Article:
|The first excerpt represents the element of Air. It speaks of mental influences and the process of thought, and is drawn from Proposed Roads To Freedom by Bertrand Russell:
their just proportion of lap-dog; this will make it
necessary to know how many cigars are the equivalent
of one lap-dog. Much the simplest way is to
pay an income, as at present, and allow relative
values to be adjusted according to demand. But if
actual coin were paid, a man might hoard it and in
time become a capitalist. To prevent this, it would
be best to pay notes available only during a certain
period, say one year from the date of issue. This
would enable a man to save up for his annual holiday,
but not to save indefinitely.
|The second excerpt represents the element of Fire. It speaks of emotional influences and base passions, and is drawn from The New Machiavelli by H. G. Wells:
us that we talked far more like brother and sister or husband and
wife than two people engaged in the war of the sexes. We wanted to
know what we were going to do, and whatever we did we meant to do in
the most perfect concert. We both felt an extraordinary accession
of friendship and tenderness then, and, what again is curious, very
little passion. But there was also, in spite of the perplexities we
faced, an immense satisfaction about that day. It was as if we had
taken off something that had hindered our view of each other, like
people who unvizard to talk more easily at a masked ball.
I've had since to view our relations from the standpoint of the
ordinary observer. I find that vision in the most preposterous
|The third excerpt represents the element of Water. It speaks of pure spiritual influences and feelings of love, and is drawn from House of Seven Gables by Nathaniel Hawthorne:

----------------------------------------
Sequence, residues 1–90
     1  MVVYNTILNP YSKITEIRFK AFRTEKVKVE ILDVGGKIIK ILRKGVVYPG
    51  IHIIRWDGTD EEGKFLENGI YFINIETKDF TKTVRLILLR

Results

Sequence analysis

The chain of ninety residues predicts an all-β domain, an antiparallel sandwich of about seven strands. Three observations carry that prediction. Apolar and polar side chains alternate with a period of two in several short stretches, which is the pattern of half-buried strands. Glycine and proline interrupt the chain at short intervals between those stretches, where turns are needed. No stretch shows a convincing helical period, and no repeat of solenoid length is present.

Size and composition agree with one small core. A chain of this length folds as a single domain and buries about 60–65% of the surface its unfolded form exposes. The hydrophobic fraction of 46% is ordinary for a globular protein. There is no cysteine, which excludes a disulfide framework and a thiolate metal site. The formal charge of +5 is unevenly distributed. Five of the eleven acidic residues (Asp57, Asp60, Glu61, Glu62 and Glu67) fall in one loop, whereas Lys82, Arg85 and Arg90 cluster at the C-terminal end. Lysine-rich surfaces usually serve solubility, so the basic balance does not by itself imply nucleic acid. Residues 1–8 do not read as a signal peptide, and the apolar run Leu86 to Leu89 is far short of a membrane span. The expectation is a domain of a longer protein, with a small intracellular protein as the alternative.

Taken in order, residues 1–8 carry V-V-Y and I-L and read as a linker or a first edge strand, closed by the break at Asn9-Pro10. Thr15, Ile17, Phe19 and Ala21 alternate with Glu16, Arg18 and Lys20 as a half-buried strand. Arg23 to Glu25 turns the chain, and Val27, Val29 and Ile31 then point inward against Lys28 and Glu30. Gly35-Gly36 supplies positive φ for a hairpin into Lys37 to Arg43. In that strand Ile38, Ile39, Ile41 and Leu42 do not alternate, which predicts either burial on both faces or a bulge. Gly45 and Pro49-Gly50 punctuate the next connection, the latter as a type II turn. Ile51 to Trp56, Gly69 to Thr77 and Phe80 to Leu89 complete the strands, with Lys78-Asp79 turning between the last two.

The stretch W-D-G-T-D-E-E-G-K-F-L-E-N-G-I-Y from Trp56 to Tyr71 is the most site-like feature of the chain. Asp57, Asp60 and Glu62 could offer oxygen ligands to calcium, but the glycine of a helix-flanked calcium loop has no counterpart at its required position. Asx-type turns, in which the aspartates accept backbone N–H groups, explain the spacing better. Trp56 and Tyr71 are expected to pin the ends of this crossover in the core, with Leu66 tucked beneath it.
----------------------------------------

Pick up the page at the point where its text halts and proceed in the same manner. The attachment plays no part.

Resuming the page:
VIII The Pyncheon of To-day
PHOEBE, on entering the shop, beheld there the already familiar
face of the little devourer--if we can reckon his mighty deeds
aright--of Jim Crow, the elephant, the camel, the dromedaries,
and the locomotive. Having expended his private fortune, on the
two preceding days, in the purchase of the above unheard-of
luxuries, the young gentleman's present errand was on the part
of his mother, in quest of three eggs and half a pound of raisins.
These articles Phoebe accordingly supplied, and, as a mark of
gratitude for his previous patronage, and a slight super-added
morsel after breakfast, put likewise into his hand a whale! The
House of Seven Gables
|The fourth excerpt represents the element of Earth. It speaks of physical influences and the impact of the unseen on the visible world, and is drawn from Sense and Sensibility by Jane Austen:
"What are Mrs. Ferrars's views for you at present, Edward?"
said she, when dinner was over and they had drawn round
the fire; "are you still to be a great orator in spite of
"No. I hope my mother is now convinced that I have
no more talents than inclination for a public life!"
"But how is your fame to be established? for famous you
must be to satisfy all your family; and with no inclination
for expense, no affection for strangers, no profession,
and no assurance, you may find it a difficult matter."
Sense and Sensibility